Prannoy Roy called me up and said come for the programme. I said no. I was taking Editor [Mehta’s pet dog] for a walk. Prannoy said you have to come because you have maligned one of my journalists and you have to be fair to her. I said I hadn’t maligned her in your programme. If I had maligned her, it was in Outlook. She is free to respond.

He asked how many words, I said you suggest. He said 800 words. I agreed. Then, she had to send her copy on Wednesday. She did not. So I called up Prannoy Roy and said, "Friend, I can’t hold the page any longer. Barkha hasn’t sent the copy. He said give me 10 minutes." She soon sent her response. It is there. We didn’t change a word.

Same thing with Vir Sanghvi. He said, "Can I take a rain-check on my response?" I said sure. He took a year and then subsequently wrote his piece, that he got the tapes tested somewhere and they found the tapes to be fabricated.

Is there anything about the Radia tapes story you regret?

Any individual you think you were unfair to?
Technically, MK Venu. The cover story was about the 2G scam. Venu in the tapes is not talking about 2G but about Ambani’s gas matters. So we apologised for that.

How true is it that the Radia tapes is what resulted in your leaving active editorship of Outlook? Can we say that the story cost you your job?
Obviously, we had some trouble with the advertisers. We were blacklisted by the Tatas. I won’t say it cost me my job. By that time I had already been editor of Outlook for 17 years. And the Rahejas [proprietors of the Outlook group] had been very good to me. So when they suggested change, I said okay. I suspect that they may not have asked for the change had it not been for the Radia tapes. But I didn’t press the matter. I was quite ready for it.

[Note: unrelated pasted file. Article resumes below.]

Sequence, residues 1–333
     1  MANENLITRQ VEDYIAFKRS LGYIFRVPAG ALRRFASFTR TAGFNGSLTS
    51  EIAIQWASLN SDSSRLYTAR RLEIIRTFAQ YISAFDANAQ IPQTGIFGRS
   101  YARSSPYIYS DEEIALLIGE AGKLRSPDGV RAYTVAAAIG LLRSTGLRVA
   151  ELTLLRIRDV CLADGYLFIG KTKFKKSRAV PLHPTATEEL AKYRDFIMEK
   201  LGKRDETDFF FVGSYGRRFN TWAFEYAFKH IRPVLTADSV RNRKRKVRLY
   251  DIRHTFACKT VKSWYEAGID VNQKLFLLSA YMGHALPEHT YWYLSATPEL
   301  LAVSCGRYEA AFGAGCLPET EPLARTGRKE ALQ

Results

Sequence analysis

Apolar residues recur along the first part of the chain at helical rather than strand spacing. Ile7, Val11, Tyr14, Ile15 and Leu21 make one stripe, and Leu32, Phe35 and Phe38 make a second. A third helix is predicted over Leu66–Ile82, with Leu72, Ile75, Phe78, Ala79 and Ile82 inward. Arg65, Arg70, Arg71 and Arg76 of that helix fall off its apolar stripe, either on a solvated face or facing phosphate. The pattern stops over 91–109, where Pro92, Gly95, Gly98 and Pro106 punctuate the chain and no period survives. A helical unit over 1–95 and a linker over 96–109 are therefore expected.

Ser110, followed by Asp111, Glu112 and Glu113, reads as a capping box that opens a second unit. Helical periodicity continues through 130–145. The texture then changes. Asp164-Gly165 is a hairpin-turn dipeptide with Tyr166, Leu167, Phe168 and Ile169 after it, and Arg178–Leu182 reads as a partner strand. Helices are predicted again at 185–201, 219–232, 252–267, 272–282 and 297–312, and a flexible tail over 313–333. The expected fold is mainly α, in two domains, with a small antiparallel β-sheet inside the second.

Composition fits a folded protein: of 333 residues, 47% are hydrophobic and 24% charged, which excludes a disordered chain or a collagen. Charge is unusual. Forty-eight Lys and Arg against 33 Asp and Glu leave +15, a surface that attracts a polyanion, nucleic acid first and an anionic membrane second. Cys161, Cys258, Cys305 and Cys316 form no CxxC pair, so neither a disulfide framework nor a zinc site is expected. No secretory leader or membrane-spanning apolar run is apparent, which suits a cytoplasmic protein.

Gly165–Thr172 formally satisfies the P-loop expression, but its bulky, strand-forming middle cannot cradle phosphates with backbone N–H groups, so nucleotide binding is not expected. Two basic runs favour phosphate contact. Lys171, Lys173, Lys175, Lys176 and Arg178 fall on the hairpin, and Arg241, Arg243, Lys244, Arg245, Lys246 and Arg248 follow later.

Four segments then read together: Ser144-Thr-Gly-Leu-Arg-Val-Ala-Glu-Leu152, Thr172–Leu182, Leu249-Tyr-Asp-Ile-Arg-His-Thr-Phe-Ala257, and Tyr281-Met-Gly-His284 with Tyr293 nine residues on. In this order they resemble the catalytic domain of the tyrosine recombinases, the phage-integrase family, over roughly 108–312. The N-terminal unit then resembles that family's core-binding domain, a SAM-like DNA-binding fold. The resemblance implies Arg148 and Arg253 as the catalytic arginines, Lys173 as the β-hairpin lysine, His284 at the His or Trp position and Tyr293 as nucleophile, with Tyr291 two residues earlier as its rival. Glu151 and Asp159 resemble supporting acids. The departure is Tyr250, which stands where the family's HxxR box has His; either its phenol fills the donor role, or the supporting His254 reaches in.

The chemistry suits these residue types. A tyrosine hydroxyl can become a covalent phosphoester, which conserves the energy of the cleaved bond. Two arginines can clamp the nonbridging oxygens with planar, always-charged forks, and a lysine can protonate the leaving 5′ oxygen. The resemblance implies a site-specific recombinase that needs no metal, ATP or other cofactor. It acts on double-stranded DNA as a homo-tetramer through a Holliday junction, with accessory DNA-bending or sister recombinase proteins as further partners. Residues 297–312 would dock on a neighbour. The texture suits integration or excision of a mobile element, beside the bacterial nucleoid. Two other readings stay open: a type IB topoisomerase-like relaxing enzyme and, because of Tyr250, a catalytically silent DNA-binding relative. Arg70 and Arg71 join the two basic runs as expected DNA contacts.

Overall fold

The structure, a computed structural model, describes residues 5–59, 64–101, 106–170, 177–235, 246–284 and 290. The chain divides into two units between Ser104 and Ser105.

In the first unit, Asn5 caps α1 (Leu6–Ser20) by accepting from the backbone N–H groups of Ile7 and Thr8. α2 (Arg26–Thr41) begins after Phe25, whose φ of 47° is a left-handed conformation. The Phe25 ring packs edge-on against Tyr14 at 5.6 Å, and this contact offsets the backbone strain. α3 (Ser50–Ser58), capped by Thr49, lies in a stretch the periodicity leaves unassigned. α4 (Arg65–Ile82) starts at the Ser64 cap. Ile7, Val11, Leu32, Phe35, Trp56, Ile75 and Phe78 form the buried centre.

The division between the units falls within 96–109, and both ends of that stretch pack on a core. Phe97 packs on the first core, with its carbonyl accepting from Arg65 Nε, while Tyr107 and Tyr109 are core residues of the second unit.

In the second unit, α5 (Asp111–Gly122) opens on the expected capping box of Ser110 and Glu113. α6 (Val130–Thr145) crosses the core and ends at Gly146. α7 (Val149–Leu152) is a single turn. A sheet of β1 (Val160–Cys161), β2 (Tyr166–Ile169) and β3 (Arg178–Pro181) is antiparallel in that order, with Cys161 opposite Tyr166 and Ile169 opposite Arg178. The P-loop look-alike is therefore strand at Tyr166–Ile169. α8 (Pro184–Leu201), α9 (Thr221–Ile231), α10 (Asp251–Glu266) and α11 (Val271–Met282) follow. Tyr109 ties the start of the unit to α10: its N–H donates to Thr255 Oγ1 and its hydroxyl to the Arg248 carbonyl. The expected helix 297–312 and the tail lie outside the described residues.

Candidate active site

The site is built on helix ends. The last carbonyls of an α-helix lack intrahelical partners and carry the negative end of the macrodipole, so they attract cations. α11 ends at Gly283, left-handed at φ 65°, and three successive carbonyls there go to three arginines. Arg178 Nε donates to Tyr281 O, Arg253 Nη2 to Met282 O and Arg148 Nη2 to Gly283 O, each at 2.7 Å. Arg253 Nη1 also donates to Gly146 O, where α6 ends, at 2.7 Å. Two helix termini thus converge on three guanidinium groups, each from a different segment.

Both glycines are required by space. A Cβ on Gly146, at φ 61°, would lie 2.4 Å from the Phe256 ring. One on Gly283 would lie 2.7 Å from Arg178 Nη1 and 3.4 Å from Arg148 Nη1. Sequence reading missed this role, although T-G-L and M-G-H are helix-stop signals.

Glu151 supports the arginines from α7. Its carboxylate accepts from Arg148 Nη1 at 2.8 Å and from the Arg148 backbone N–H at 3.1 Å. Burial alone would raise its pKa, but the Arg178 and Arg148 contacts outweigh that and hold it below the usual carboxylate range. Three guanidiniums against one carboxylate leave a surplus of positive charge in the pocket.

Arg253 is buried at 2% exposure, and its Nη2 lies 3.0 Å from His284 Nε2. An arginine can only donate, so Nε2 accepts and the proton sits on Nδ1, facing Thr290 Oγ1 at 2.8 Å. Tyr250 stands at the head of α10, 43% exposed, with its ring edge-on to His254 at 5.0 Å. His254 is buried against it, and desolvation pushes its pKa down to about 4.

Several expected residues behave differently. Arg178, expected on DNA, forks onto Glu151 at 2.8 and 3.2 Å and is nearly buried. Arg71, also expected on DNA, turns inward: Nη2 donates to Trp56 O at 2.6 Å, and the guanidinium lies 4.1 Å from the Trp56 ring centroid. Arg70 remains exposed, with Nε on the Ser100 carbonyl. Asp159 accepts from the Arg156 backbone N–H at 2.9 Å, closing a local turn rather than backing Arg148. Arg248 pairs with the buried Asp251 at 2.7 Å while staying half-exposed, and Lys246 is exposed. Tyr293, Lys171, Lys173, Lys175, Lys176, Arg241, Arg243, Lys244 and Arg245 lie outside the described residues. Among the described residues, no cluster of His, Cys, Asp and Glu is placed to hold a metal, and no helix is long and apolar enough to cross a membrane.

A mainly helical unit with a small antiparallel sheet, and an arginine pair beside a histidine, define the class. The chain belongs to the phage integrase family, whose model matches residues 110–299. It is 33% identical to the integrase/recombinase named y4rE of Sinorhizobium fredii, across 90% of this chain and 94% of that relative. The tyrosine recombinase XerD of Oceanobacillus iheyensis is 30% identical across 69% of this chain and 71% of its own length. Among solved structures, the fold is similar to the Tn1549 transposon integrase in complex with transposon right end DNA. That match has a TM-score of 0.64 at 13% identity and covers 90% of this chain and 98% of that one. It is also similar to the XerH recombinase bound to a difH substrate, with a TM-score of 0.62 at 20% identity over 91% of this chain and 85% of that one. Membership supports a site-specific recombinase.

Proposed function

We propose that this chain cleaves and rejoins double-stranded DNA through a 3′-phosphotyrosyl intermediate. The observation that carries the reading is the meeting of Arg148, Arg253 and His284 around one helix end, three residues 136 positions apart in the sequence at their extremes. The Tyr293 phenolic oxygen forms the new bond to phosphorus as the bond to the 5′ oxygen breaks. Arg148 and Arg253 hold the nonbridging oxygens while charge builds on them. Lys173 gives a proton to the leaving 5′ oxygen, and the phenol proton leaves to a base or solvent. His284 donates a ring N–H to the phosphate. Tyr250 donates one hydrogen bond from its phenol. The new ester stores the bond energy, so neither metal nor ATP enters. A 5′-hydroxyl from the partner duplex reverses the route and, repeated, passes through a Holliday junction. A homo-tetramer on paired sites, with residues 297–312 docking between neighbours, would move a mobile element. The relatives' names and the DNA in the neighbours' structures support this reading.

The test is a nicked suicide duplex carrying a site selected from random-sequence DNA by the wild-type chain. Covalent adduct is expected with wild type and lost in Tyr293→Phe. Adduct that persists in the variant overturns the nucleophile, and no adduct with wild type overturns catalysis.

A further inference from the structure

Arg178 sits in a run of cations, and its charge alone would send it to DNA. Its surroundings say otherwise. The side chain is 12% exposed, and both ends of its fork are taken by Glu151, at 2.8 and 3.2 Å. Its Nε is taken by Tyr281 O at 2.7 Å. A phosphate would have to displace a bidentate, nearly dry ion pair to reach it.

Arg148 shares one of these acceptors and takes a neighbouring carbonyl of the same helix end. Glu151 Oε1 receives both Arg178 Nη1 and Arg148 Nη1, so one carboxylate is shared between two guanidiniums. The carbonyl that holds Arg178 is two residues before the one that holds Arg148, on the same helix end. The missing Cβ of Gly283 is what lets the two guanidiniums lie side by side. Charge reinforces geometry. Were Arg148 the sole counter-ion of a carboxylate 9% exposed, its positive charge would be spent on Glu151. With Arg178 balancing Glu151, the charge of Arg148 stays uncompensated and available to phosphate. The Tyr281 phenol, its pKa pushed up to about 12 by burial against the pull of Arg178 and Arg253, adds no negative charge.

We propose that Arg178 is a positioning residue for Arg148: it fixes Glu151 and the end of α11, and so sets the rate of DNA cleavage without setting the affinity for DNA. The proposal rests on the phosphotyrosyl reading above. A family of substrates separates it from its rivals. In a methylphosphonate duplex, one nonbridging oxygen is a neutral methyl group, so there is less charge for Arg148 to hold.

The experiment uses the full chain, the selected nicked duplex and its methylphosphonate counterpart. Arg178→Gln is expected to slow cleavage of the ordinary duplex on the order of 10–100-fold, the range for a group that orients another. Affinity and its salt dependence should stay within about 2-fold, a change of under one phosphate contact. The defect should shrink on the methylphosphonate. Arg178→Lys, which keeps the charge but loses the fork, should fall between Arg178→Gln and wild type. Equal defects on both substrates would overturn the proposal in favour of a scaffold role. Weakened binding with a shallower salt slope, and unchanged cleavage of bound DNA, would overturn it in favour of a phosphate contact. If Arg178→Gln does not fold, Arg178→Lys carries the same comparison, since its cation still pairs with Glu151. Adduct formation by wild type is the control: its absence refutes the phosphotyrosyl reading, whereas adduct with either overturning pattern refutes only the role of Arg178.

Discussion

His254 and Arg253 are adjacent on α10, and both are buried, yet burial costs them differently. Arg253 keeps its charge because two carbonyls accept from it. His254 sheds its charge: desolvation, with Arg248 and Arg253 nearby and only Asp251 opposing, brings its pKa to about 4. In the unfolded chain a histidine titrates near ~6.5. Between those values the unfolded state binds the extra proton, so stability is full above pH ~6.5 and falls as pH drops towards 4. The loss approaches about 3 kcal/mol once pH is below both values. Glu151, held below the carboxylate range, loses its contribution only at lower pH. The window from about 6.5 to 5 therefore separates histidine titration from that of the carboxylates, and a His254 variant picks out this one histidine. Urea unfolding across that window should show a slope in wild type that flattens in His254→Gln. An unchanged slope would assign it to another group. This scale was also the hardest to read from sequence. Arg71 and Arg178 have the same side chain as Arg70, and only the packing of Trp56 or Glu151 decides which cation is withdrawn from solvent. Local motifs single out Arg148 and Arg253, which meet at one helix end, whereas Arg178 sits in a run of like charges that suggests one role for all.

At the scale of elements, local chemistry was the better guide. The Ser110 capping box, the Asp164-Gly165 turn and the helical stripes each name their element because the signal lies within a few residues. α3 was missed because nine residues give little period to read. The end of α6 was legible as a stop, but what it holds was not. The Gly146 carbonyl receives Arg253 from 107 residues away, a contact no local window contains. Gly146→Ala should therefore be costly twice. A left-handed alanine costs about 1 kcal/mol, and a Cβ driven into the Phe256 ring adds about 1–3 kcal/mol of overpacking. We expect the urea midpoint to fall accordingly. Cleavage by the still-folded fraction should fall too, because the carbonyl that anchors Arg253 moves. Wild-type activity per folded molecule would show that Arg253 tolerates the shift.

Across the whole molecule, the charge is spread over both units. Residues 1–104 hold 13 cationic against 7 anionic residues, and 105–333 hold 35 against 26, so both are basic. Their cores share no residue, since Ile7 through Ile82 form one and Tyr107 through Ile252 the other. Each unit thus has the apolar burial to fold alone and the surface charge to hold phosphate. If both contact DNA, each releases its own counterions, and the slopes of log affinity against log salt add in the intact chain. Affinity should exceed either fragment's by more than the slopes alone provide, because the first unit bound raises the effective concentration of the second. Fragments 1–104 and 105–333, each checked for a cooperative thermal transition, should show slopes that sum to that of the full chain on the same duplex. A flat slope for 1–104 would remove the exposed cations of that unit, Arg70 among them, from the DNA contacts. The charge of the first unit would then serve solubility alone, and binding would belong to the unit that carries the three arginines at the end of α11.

It wasn’t just one or two journalists, the Radia tapes story took on virtually the entire media.
Radia tapes are a benchmark in seriously damaging the reputation and credibility of journalists, both electronic and print. Until then, only a select few knew all the dirty games that were going on. The public at large still thought that we are great patriots, we did things in public interest, we would never publish things that were inaccurate, that we would not be swayed by monetary or other considerations. But after the Radia tapes, a big question mark appeared about journalists.

In opinion polls about corruption, journalists began to enter the top 10 corrupt professionals. Then I saw another opinion poll that asked people how they would rank the service that these professionals provide. Suddenly journalists disappeared from the list that included teachers and scientists.

Shekhar Gupta once sent you a legal notice for your criticism of his story about strange army movements in Delhi.
He never followed it up.

But you wrote about that in your diary column.  What is the root of your dispute with him and are you friends?
Well, if you look at this issue of Impact, there is a picture of us with his arm around me. Yes, of course, we are not the best of friends. We are civil and courteous in public. Any disagreement is only professional.

Are there any current editors you admire?
No. Khushwant Singh was the last editor I admired. But the new generation of editors. They are very good, very professional, all rounders, very successful. But I have nothing to learn from them.

If they are good, why do you have nothing to learn from them?
One of the reasons is that I like myself, if I could say that. Since 1974 I have been consistent. I haven’t changed my line. When I see editors wobble, go from one extreme to another, that is the first sign of professional weakness. I am not suggesting that people can’t change their minds. But there is a Laxman rekha. My Laxman rekha is pretty simple: secularism.